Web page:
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Seminar 4. Using Symbols in a Movie > What’s So Important About Symbols and Ins...

What’s So Important About Symbols and Instances?

To use Macromedia Flash MX to its fullest extent, you have to use symbols and instances of those symbols in your movie’s development. This seminar introduces symbols and how to create instances for your movie’s content. Symbols are your first challenge in Flash. If you use them effectively, your movie will be more interactive and rich, ensuring the end-user a very intuitive and fun Internet experience.

Much of the power of Macromedia Flash MX comes from the use of symbols. A symbol is a reusable object in Flash MX. It can be any graphic, picture file, sound file, button, video clip, or movie clip that you create or import into your movie. Each symbol is a complete description of the item, which includes its size, shape, color, and behavior. When you place a symbol on the Stage, an instance of the symbol is created. You can use as many instances of a symbol in your movie as you need. When the Flash MX file is viewed in a browser, the symbol is downloaded to the browser just once and is reused many times as the Flash MX movie plays. This reduces the file size of the SWF file when the movie is exported.

When you create the symbols to be used in your movie, they are stored in the movie’s library (see Figure 4.1).

Figure 4.1. Each Flash MX file has its own library, which is basically an area for grouping and storing symbols for use in a movie, accessible at any time.

Typical of a public library, the Flash MX library can hold many symbols and can have these symbols grouped in folders to create common classifications for easy access. Open a movie’s library by selecting Window, Library.


Any time you plan to use a movie object more than one time, you should convert it to a symbol.

You also can open libraries from other Macromedia Flash MX movies and use symbols from them. Just as every movie has one color palette, every movie has just one library. When you use a symbol from another movie’s library, that symbol automatically becomes a symbol in your movie’s library. Thus, it becomes an asset of your movie.

Recycling Objects: The Power of Macromedia Flash MX

After a symbol is created, it can be used in the movie as an instance. An instance is really just a copy of the symbol that points to the original symbol. This causes every instance to be very small in memory because it’s a reference or pointer to the symbol that contains all the information on the item’s composition. You can use instances as many times as you need to in a movie, which results in very efficient memory usage because the instance is just an occurrence of the original symbol.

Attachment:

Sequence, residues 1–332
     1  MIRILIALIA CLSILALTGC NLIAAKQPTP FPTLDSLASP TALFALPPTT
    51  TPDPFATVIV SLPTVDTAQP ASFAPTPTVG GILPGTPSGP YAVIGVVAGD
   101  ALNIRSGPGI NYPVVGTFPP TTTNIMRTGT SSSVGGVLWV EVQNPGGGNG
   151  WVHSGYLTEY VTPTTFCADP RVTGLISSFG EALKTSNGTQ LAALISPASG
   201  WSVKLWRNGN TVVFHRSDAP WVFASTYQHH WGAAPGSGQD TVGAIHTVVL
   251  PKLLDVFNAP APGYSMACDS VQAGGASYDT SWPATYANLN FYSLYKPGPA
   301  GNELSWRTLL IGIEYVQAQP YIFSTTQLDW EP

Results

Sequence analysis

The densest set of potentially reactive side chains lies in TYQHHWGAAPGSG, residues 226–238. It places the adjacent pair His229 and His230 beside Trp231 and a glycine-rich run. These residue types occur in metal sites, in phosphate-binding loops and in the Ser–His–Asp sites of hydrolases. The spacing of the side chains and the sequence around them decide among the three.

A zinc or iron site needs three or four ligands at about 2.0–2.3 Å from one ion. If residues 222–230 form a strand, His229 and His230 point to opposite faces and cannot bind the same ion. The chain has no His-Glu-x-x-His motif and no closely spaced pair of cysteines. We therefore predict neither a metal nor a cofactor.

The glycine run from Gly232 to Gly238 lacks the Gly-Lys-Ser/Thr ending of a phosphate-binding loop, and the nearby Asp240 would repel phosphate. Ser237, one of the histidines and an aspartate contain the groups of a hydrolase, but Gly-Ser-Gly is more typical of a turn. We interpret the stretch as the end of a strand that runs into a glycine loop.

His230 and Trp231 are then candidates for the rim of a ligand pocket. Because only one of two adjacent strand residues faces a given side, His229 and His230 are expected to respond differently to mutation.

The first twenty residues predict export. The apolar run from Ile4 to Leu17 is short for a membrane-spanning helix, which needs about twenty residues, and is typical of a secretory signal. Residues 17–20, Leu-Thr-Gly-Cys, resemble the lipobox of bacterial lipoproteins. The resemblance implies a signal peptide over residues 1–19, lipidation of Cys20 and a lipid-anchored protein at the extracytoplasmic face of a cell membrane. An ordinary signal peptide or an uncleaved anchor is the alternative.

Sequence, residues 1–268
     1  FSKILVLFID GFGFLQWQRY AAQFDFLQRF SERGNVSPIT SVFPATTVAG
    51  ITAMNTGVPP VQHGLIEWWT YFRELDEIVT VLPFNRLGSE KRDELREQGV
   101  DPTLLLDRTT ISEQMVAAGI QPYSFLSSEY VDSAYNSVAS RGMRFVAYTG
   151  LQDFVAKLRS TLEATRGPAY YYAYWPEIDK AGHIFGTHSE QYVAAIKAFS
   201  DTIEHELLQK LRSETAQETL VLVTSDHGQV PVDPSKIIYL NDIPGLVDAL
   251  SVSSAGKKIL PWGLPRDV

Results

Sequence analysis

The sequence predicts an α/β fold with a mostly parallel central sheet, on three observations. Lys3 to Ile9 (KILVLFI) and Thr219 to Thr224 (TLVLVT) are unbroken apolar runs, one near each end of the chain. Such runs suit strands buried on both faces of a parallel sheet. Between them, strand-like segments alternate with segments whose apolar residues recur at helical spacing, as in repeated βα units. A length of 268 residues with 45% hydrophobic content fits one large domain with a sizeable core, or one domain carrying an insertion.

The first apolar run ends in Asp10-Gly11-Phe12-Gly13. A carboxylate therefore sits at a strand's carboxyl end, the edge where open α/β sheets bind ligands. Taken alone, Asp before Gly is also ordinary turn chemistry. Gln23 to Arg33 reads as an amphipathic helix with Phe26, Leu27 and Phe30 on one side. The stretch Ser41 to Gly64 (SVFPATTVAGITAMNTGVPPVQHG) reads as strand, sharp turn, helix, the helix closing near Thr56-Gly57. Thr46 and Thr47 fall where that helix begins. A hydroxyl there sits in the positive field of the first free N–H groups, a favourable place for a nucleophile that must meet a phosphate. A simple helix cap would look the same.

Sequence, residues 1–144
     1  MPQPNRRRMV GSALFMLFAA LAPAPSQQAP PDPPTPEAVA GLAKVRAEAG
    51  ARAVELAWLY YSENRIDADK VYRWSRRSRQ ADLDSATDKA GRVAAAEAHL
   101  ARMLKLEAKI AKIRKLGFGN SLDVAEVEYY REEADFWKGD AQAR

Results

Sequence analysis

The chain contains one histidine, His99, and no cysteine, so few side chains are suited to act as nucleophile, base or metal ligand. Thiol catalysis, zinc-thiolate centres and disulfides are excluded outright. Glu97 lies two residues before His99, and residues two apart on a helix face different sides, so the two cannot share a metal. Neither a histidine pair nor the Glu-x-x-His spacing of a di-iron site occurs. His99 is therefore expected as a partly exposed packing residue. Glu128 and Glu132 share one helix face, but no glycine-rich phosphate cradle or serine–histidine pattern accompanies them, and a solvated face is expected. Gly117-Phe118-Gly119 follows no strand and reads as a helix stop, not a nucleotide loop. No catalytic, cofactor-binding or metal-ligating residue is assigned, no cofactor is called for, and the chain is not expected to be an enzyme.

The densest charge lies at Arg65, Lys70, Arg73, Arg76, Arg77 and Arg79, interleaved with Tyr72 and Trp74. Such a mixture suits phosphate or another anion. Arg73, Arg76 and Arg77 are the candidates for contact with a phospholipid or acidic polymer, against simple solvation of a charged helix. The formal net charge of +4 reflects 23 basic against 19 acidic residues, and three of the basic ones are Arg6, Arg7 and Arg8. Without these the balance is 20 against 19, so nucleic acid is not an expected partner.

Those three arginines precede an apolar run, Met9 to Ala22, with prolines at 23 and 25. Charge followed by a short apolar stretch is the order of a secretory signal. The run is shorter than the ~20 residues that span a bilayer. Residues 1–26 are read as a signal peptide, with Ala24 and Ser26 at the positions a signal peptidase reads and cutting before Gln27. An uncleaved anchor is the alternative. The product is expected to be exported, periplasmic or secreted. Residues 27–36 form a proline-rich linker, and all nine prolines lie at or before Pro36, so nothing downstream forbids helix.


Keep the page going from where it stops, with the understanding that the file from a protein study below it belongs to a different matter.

You can modify an instance in its size, color, brightness, and alpha setting. These modifications do not change the linked symbol—just the instance.

Symbol and Instance Basics

To understand this concept of symbols and instances, let’s look at a basic shape, such as a square. Rectangles and squares are often used in a Web site design for background images, buttons, and menu bars. Relating this to a symbol, if you make a rectangular symbol, you can then reuse this symbol by creating instances of it on your Stage. Every time you place an instance of it on the Stage, you are really just placing a pointer to the symbol. Remember: Flash MX is a vector-based application; therefore, Stage objects are translated into a mathematical formula. The instance is a pointer, which means it’s a mathematical translation of x and y coordinates on the Stage that calls the symbol. Instances can be modified in their sizes, locations, and color compositions. So, even though you have a black square symbol, the instance of the symbol can be modified to any color rectangular shape. Figure 4.2 shows an example of using a square symbol in a Web site design.

Figure 4.2. Each rectangle seen on the Stage in this figure is simply a modified instance of the square from the movie’s library.

To add an instance of a symbol to your Stage, you simply click and drag the symbol from the Library onto the Stage. An instance of the symbol appears, which you can then position in the location that you want on the Stage. By doing so, you create a new instance of this symbol, which is linked to the symbol in the library. Therefore, if you change this library symbol, the linked instance also changes.


If you edit a symbol and change any of its attributes, all instances of the symbol will reflect the new attributes but will maintain any modifications that you might have made to the instance. You will learn more about modifying instances later in this seminar.

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